Please, take a long look at the above juicy slab. Gaze at it, fill your nostrils with the imagined scent of its cooked glory and think of what an amazing taste it will bring to your buds. Doesn't it look wonderful? When cooked, maybe it will be seasoned with a foreign herb or domestic spice, perhaps it will be served in its natural splendor or maybe with a dab of A1. It might be made rare or well, but regardless it will melt in the taster's mouth. The cut can be prepared so many ways; so many tender possibilities.
I have a confession to make: I can't stop looking at meat. Every day, when no one is looking, I open up cookbooks or surf recipe webpages trying to find a good shot of a savory cut. Sometimes I sneak down to the local supermarket and stand around the butcher section for hours, absorbing the rays of uncooked meat.
As I look, I imagine the possibilities: A T-Bone with lemon and pepper. A sirloin made just so. Or maybe a classic Bourbon Street steak. What cut should I pick? How will I eat it? How long will I cook it? At what temperature? The more I think, the more my mouth waters and the longer I gaze.
When I eat other foods, I'll keep a cookbook handy to imagine I am actually eating steak. For that matter, I hardly go anywhere without a photo to remind me of the awesome flavor of meat. One look at the picture, and my desire is temporarily satisfied, although it often returns stronger than before. My computer desktop image is similar to the one above, only it has been airbrushed to remove the fat and accent the bone lines. Edited photos look better and are more effective at inducing hunger, so I prefer them to the untouched images. Sometimes I purchase videos of people eating meat or read stories about other's culinary adventures. This, too, can be satisfying for a fleeting instant, but meat has a way of always calling you back.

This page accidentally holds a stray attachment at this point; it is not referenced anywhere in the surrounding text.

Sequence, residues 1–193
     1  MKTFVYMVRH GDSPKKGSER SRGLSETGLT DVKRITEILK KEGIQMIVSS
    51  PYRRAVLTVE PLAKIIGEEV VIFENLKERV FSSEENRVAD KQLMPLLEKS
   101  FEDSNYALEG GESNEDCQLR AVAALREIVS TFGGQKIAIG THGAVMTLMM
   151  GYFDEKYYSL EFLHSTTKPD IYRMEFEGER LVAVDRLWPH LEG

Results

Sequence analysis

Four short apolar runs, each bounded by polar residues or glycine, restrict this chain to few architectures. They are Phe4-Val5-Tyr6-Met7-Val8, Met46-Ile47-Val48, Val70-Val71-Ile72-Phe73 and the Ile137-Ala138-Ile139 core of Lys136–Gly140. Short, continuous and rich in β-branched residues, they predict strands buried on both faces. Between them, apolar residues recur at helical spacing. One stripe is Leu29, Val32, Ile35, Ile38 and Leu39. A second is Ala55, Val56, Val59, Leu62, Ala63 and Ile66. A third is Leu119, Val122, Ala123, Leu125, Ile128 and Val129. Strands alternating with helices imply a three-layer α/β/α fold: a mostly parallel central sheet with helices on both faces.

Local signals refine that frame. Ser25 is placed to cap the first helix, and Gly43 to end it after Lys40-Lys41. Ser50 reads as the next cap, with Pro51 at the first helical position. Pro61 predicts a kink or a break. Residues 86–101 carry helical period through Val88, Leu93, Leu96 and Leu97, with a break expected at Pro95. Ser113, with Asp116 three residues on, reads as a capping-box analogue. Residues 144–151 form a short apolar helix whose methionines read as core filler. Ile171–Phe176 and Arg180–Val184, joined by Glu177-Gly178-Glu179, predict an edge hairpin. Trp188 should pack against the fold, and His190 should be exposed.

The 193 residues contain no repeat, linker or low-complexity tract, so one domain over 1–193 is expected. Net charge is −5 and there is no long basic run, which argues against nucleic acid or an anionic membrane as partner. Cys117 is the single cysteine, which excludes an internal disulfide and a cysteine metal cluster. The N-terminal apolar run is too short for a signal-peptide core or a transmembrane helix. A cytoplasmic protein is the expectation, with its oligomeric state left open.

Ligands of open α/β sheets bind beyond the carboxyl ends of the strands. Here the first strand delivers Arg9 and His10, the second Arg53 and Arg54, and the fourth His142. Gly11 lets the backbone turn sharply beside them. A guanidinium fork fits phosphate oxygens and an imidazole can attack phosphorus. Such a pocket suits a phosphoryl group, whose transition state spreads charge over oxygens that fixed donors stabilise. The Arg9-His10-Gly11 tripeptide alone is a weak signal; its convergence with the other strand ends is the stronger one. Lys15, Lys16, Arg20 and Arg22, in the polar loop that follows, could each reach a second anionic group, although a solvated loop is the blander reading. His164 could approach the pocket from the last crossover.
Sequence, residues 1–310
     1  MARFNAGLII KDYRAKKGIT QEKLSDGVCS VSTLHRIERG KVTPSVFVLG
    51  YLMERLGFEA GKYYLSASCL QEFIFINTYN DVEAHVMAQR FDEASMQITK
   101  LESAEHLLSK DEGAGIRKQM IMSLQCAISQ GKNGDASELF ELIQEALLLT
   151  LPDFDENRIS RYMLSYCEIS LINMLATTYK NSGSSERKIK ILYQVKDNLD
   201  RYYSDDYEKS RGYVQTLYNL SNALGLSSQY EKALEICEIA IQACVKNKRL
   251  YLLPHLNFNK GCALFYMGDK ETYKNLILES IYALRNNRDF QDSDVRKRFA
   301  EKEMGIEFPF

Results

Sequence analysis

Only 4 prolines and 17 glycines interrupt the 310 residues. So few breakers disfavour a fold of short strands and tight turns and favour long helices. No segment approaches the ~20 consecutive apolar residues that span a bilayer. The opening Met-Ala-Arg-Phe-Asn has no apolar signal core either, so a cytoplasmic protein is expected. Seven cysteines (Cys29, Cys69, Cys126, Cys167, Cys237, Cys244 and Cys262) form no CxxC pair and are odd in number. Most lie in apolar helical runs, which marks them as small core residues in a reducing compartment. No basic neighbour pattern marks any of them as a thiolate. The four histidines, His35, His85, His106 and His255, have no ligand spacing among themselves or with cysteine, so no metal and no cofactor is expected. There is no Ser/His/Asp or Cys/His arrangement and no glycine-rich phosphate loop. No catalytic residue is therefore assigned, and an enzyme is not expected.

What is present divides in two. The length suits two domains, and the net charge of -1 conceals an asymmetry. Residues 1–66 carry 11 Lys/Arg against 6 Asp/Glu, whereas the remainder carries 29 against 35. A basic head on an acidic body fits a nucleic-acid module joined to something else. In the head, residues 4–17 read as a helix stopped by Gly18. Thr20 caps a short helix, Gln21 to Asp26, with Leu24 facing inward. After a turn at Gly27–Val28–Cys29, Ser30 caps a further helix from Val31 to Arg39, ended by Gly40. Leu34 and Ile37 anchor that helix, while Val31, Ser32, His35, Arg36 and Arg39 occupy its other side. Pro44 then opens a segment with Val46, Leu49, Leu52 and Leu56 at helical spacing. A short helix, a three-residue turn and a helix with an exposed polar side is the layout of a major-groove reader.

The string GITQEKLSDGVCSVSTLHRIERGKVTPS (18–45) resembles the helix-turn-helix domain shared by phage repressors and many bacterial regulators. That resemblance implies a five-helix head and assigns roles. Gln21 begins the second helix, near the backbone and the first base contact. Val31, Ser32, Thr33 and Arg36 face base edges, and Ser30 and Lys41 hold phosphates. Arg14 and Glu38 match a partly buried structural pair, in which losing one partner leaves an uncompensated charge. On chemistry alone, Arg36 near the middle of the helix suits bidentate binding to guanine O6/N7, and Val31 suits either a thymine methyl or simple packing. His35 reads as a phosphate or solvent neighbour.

I have purchased large posters of uncooked meat and placed them on the walls of my room. Each slab is in a different provocative position. Some of them are adorned with sides of vegetables or steaming mashed potatoes, others are left at awkward angles leaving the viewer to guess what is on the other side. They are all beautiful cuts, well above average, some even surgically enhanced to look more like meat. When I wake up, they welcome me to the new day.
Every now and then, when my family purchases meat at the supermarket, I go nearly ecstatic with anticipation. Sometimes I wake up during the night, rip open the plastic wrap and hastily cook the cut. The result is often unsatisfying and pangs of regret tell me that I might have enjoyed it more had I waited for the others. Other times I gorge myself, eating many times a humanly decent serving in one sitting. That feels good during the feast, but the negative implications of stuffing one's face become readily apparent soon after. A belly ache, temporary inability to eat and, in rare circumstances, food poisoning are inevitable.
After a great deal of soul searching and self reflection, I've decided that my habit is perfectly natural. I mean think about it: we all need to eat, right? Looking at pictures is just part of anticipating a natural human physiological need. Videos, desktop images and stories are a natural extension of human hunger . Those who feel I should put the cookbook down or reduce my consumption habits are obviously starved themselves, or they wouldn't feel the need to criticize. Most of them are vegetarians anyway.
Sometimes I get the feeling I am not the only one. Others look at meat in an equally lurid way and that makes me wonder. Tell me: Do you enjoy gazing at a piece of meat?